Why Your 9-Year-Old's Love of Reading Needs Extra Nurturing

Here's how to keep your child enthusiastic about books.
By Scholastic Parents Staff
Jul 28, 2020

Ages

8-9

Why Your 9-Year-Old's Love of Reading Needs Extra Nurturing

Jul 28, 2020

Reading for fun has the power to increase self-confidence, strengthen imagination, act as a stress reliever, provide thoughtful insight into different cultures and customs, and give children an important sense of connection to others.

However, the 2019 Scholastic Kids & Family Reading Report found that while 57 percent of 8-year-olds report reading five to seven nights per week, only 35 percent of 9-year-olds can say the same. Similarly, while 40 percent of 8-year-olds say they love reading, only 28 percent of 9-year-olds say they do. 

In other words: Kids around the age of 9 often experience the “decline by nine,” a slump in the love of reading that’s startling to parents who see a happy reader one day and a less-than-eager reader the next. It’s crucial to address, too, given how important reading is to overall academic success (and in our opinion, overall happiness!).

Read on for practical tips for nourishing your child’s love of reading so they can continue to thrive at 9 — and beyond.

1. Let Them Read What They Want

Reading is reading, and it doesn’t matter what the topic is or how many pictures are in the book. As long as the content is age appropriate, let your kids read what they want, whether that includes graphic novels or fantasy novels. According to the report, kids across all demographics agree that their favorite books are the ones they’ve chosen for themselves. 

The report also found that children want to read books that entertain them, make them laugh (like the Captain Underpants series!), or allow them to experience new places with diverse cultures and characters. However, four in ten children have a hard time finding books they like. 

One way to help your child find potential titles is to talk with them about what makes one book appeal to them over another. For instance, encourage them to preview the outside of the book they're considering. Have them look at the title, the cover illustrations, and description. Next, have them open the book and do a quick browse. If they still think it could be of interest, suggest they flip to the first page and read it. How do they feel about it now?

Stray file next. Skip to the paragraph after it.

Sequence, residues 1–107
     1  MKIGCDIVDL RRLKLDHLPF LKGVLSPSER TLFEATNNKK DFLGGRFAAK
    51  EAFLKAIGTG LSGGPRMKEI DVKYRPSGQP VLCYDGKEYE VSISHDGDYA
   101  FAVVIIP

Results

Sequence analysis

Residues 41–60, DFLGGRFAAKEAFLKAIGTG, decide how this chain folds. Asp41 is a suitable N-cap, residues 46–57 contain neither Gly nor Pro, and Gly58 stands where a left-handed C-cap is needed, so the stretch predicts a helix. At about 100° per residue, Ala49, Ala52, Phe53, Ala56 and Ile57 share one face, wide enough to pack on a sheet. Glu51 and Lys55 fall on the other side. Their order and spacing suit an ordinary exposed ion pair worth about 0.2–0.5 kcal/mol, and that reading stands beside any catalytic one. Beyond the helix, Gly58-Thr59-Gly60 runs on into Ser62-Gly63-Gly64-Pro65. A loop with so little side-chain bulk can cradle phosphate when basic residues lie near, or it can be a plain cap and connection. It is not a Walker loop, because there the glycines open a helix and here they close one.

Tell your child it’s okay to not finish a book they've chosen to read for fun. At some point or another, all readers start books that they end up disliking. Some will persevere and read all the way to the end, while others will make the decision to put the book aside in favor of another title (which is better than not reading at all!). 

2. Tap Into Popular Book Trends

Whether it’s Aaron Blabey’s very funny The Bad Guys series or the school hallway drama in Rachel Renee Russell’s Dork Diaries, finding out what is currently popular with your child’s peers is a great way to tap into books that your child may actually enjoy reading for fun. Ask fellow parents or your child’s teachers for recommendations.

3. Fill Your Home With Books

Surround your children with books, representing a diverse range of genres and authors. Don’t discount comic books and magazines that align with your child’s interests. When the topic of a book or magazine relates to a subject your child already has background knowledge on, the reading will generally be easier and more enjoyable, thanks to all of that familiar vocabulary.

4. Consider Your Child’s Routine

Is there regular time for reading built into your child’s day? As children become busier with homework and hobbies, or more interested in spending time on screens, reading is often pushed aside. Making time for “fun” reading is invaluable in sustaining a reading habit. Regularity is really the key to success with this one, so choose the times that work best within your family’s weekly routine.

In a similar vein, it’s a great idea to encourage your child to take a book to read whenever you anticipate that they'll need to be waiting around for something, such as before appointments.

5. Keep Reading With Them

Reading aloud to (or with) your child, even as they are able to read independently, continues the tradition of reading as an interesting, enjoyable, and relaxing way to connect. This makes diving into books more fun for the whole family! 

Shop books fourth graders love below — or browse all books and activities at The Scholastic Store

Want more book and reading ideas? Sign up for our Scholastic Parents newsletter.

Raise a Reader Blog
Reading
Articles
Age 9
Age 8
Independent Reading